On a mild Tuesday afternoon in August, I switched on my computer and began writing this essay. Since 2017, I had been plagued by thoughts about the homogenisation of culture, as a phenomenon that can be attributed to globalisation and the algorithmic feedback loop – what the Marxist political theorist Fredric Jameson termed in The Cultural Turn as a ‘postmodern sensation’, and what I’ve attempted to analyse in the past. I wanted to know if this was leaking out to writing, an art that is increasingly regarded as a ‘craft’. This demarcation implies that there is a gold standard to aspire to. Was writing like woodworking, where sentences can be honed to a sharp edge to produce a piece of writing that can be displayed tastefully on a website or social media profile? Or was writing more like pottery, where only the most patient are rewarded, and what is ‘imperfect’ can be appreciated as an objet d’art?
We are living in the era of the pull-quote. Attractive soundbites are quoted on social media platforms as a way to signal cultural literacy and taste, and decontextualised citations arranged fetchingly on an Instagram infographic for easy digestion. To that end, I wondered if it was possible to approach non-fiction using the language of fiction – if we are now living in a ‘fanciful castle of facts’, as Rivka Galchen, author of the 2016 essay collection Little Labors, once wrote, then could we possibly bend those stale ideas of ‘truth’, ‘expertise’ and ‘relevance’ to achieve a kind of literary (and perhaps, existential) luminescence? If I quoted a line such as ‘The Internet made the personal essay worse, as it does for most things’, then there was more of a likelihood that it would attract attention. Even if the essay might linger unread within someone’s haphazard graveyard of opened tabs, the fact of it being clicked on adds to the piece’s value come evaluation day at the end of the year. I would know – I once had a book review listed as a ‘best of’ in a certain year, and I am an editor in an industry where hard statistics are often considered important for endeavours such as grants.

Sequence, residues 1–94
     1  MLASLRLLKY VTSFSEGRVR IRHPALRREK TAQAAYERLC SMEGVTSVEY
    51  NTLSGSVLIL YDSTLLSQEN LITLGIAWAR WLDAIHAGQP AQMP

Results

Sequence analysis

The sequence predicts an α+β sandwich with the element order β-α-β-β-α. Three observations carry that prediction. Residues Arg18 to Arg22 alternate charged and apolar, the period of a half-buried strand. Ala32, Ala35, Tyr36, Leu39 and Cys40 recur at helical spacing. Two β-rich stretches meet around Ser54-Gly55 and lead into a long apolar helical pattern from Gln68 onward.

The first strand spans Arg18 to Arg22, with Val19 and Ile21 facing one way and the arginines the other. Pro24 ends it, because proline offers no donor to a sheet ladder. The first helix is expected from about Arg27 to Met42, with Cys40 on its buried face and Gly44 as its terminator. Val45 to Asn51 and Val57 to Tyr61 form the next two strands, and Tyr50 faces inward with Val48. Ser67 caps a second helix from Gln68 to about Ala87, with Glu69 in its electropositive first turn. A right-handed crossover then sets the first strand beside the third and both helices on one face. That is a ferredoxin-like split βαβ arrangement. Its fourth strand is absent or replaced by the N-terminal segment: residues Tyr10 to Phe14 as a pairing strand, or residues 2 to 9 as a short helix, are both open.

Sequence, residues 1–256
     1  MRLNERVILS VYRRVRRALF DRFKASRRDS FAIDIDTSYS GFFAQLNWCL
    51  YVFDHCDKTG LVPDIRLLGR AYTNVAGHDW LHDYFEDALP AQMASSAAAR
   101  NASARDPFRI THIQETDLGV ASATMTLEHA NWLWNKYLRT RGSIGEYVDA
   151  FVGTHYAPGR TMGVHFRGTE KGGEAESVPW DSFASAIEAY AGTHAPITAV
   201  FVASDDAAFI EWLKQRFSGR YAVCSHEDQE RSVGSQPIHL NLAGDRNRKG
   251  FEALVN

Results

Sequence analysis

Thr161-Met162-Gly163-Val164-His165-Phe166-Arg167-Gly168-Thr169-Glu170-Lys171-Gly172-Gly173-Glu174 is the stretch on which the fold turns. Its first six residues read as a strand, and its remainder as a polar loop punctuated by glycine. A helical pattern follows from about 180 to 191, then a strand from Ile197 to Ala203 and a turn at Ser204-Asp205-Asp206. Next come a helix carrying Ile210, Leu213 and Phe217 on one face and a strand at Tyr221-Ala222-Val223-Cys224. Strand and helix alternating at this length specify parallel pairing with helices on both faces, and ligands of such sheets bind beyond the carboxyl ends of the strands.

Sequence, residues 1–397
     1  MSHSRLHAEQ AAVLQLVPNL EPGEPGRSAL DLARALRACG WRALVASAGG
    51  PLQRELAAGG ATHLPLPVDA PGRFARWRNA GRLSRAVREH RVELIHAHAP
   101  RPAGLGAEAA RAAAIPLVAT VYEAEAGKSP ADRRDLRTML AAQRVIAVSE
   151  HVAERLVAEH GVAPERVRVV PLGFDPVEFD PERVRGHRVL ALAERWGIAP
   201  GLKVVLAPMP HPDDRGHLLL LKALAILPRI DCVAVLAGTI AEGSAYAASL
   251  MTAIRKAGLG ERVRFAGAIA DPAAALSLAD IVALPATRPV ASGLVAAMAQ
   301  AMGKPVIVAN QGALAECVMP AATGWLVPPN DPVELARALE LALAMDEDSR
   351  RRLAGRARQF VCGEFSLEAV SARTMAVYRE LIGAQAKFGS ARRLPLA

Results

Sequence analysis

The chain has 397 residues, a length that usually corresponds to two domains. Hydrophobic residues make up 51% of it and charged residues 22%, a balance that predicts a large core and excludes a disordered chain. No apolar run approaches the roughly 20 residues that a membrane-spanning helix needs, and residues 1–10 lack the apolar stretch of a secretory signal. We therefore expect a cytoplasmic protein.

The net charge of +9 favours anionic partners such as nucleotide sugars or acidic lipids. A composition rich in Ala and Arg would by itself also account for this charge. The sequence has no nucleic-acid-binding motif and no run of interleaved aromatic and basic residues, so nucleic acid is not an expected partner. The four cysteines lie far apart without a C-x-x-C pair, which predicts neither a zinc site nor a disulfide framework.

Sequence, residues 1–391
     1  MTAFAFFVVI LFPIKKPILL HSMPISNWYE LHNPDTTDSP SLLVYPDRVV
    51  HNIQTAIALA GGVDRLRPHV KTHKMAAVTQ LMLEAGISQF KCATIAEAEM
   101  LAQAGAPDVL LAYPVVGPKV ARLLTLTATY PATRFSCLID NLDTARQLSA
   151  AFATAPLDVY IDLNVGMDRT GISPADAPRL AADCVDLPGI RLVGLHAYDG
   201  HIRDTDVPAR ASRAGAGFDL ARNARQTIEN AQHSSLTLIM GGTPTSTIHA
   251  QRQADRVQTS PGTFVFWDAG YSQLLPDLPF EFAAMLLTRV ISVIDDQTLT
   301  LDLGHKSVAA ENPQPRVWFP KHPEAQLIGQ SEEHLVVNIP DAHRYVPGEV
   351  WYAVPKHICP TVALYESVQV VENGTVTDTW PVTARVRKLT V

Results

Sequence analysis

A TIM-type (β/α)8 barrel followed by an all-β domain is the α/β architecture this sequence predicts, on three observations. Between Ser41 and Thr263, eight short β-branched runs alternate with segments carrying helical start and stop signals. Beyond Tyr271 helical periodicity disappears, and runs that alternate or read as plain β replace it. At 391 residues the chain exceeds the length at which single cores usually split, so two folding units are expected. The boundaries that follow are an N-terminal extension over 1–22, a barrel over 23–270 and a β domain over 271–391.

Conversely, what if I quoted something in the vein of ‘Nothing had been said, really. Nothing of particular interest or note, and yet they clapped as though the fundamental structures of their lives had been elucidated to them somehow’. (For those wondering, this line is from Booker-nominated novelist Brandon Taylor’s short story ‘Prophets’, published in Joyland earlier this year.) Due to the absence of affective words, the probability of the story garnering enough attention is significantly lowered, unless the author is already known to you. On the one hand, a line like the above may generate enough interest to deserve a click, since Taylor is becoming exponentially well-known in the anglophone literary world. After all, cultural tastes do spread through word-of-mouth, each one like a useful secret waiting to be adopted. At the time of writing, this is evinced in the tweet’s metrics, of which it has accumulated 153 retweets and 596 likes (this is only counting the author’s own, not those from the publication or elsewhere). Still, if you had not heard of Taylor prior, then there would be less of an impulse to click on the link in the first place, unless you are someone who considers themselves to be especially voracious or time-rich. The best-case scenario? You clicked on the link and read the story despite having never heard of Taylor, because you have a curious disposition.
In Ouyang Yu’s sprawling essay ‘The Case For China or a Self-Obituary’, which was recently shortlisted for the Melbourne Prize, he describes a scene where a conversation is happening between an unnamed man and woman while they have dinner. In the brief section, they discuss something the man calls ‘the 50-page thing’, a ‘publishing industry requirement’ that novelists must abide by. It is a common expectation that authors only submit the first 50 pages of their manuscript to publishing houses for consideration. Slush pile begone! The man concludes, ‘Which is why most of the books you buy these days have excellent beginnings but shoddy middle and bad endings.’ The woman agrees: ‘Like a beautiful, well made-up face, atop a full-blown body.’ This throws an oft-contemplated yet unaddressed conundrum into sharp relief; how might we as readers and writers combat these injurious requirements that ultimately prioritise the forces of the market? When first impressions and outcomes matter more than the act of reading itself, arbitrary measures such as ‘engagement’ and ‘marketability’ are used as yardsticks against unquantifiable devices such as narrative and stylistic structure – like scum, they rise to the top.
As Jameson observes in The Cultural Turn, ‘[…] economics has come to overlap with culture: that everything, including commodity production and high and speculative finance, has become cultural; and culture has equally become profoundly economic or commodity oriented.’